The UK’s leading cruise operator Carnival UK has set out its case for forcing agents to get their customers to pay it direct.

The controversial move to a US-style direct payments regime comes after the operator lost millions of pounds in the crash of Gill’s Cruise Centre in July.

Carnival was talking about moving agents to direct payments before the Gill’s collapse, but the failure has only added to its intention to move all agents on to this system within 18 months.

Carnival has been accused of causing its own problems by offering credit to an agent known for discounting, but writing for Travel Weekly Carnival UK sales director Giles Hawke defended the operator’s record.

He concluded: “As with any other business, if cash flow is required then it is worth creating a business plan and speaking to a bank, where security on loans will be required and interest will be paid.

“It is no longer viable for principals to offer interest-free unsecured “loans” to travel agencies in the UK. The buck stops here.”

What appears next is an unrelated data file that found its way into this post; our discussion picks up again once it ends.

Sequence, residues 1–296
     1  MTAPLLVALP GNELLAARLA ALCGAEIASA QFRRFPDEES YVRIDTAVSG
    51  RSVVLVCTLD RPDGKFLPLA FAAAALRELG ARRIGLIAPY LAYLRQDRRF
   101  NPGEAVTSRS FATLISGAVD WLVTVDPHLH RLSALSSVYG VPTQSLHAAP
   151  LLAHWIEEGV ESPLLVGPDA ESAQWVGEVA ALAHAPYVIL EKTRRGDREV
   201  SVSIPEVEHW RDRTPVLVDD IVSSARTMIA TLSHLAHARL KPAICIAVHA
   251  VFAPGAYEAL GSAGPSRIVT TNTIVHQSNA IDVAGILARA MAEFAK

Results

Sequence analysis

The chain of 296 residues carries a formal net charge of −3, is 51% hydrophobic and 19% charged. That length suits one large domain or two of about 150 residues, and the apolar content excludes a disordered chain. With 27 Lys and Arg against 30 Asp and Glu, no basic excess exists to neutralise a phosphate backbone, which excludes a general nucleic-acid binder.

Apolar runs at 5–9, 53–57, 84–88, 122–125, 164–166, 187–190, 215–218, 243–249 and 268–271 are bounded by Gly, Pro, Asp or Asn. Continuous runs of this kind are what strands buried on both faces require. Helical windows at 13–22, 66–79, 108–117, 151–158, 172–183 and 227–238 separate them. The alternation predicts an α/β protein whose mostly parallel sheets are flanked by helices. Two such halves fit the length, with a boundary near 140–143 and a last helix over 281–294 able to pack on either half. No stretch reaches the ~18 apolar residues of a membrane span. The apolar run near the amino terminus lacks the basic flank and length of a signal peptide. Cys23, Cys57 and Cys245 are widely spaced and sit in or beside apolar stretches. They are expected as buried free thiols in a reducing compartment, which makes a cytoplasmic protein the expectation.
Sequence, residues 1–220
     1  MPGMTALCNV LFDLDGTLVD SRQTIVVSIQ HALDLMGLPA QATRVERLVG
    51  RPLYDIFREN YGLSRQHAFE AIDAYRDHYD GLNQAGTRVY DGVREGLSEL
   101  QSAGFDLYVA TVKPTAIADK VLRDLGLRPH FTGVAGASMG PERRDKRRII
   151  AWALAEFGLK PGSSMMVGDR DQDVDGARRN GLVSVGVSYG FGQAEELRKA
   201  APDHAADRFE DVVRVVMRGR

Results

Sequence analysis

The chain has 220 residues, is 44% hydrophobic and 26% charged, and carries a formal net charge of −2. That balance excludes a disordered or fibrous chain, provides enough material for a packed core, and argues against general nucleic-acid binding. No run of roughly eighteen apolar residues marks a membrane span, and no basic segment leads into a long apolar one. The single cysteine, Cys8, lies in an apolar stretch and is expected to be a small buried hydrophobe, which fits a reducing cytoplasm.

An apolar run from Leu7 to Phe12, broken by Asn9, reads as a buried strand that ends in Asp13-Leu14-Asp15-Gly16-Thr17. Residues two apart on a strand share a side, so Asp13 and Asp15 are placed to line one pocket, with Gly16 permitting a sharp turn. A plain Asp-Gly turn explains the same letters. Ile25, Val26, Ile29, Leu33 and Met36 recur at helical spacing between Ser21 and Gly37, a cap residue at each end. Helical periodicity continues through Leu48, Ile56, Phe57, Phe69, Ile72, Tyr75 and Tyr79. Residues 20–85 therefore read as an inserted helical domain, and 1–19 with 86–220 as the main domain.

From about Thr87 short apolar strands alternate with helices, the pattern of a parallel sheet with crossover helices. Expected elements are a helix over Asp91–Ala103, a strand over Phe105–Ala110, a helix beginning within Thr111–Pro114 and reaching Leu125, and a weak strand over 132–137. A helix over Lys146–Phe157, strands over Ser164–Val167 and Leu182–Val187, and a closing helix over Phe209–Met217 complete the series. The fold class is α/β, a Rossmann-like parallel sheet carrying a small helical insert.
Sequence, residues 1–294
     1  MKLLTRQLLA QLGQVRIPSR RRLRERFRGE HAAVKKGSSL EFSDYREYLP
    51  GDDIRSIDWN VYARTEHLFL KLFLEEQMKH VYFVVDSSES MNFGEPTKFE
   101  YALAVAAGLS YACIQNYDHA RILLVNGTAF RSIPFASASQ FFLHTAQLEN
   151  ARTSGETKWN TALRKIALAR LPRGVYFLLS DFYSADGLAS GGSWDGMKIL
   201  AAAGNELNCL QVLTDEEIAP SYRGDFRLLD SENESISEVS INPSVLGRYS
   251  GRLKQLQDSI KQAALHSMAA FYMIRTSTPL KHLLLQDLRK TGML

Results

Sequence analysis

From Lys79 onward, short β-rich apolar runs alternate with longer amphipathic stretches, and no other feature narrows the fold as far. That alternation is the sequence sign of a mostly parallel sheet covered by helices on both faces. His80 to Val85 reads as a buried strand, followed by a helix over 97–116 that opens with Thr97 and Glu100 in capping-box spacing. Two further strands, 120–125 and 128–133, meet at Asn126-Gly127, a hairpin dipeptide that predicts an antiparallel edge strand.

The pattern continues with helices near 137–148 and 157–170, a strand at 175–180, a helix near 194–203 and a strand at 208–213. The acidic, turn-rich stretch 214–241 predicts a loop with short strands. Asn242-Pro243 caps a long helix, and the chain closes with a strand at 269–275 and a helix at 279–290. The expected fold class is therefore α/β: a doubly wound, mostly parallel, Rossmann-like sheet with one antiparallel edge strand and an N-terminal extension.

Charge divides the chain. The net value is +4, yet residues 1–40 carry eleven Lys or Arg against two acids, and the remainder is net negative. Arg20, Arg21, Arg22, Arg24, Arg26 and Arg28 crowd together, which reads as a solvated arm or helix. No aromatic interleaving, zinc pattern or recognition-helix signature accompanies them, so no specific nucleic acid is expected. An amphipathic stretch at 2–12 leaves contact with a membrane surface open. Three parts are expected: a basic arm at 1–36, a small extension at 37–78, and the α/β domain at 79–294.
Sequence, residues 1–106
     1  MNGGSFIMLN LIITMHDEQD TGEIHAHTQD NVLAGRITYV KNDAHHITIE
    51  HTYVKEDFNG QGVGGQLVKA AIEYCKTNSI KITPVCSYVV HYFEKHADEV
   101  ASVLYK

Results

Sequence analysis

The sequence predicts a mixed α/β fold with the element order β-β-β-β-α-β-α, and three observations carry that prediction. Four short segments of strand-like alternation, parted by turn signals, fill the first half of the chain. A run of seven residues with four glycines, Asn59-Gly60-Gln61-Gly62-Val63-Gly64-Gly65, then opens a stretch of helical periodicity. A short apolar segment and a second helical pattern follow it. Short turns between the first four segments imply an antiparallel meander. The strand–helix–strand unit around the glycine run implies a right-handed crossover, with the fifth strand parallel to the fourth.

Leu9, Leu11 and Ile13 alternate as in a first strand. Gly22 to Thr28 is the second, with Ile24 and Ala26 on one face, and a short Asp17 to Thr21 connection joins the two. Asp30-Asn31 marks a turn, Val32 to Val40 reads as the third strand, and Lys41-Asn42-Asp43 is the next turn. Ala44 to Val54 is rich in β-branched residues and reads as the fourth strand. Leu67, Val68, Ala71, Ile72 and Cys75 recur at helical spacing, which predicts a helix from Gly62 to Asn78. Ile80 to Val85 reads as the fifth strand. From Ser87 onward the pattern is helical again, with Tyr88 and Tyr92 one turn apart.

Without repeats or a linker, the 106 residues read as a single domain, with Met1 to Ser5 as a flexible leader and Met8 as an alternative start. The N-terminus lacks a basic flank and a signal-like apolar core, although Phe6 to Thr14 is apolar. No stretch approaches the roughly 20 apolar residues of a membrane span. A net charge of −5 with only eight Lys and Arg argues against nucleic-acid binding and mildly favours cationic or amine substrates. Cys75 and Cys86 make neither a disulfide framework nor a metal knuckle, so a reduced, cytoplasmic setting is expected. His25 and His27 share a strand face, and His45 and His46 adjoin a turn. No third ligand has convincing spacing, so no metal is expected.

However, Bailey’s Travel owner Chris Bailey, said: The travel agent is, in the main, an honourable and ethical entity. So stop beating us up. There will always be those who fail, for all manner of reasons. Taking pipeline money away from us is not the answer.

“Investing some trust and belief in our ability to help sell holidays and cruises to our local population is a real win-win situation for everyone; tour operator, cruise company, agent and customer alike.

“Don’t let past commercial misjudgements with regard to one or two rogue agents colour your view of the whole sector. Treat us properly, reward us for the good job we do, and we’ll all prosper.”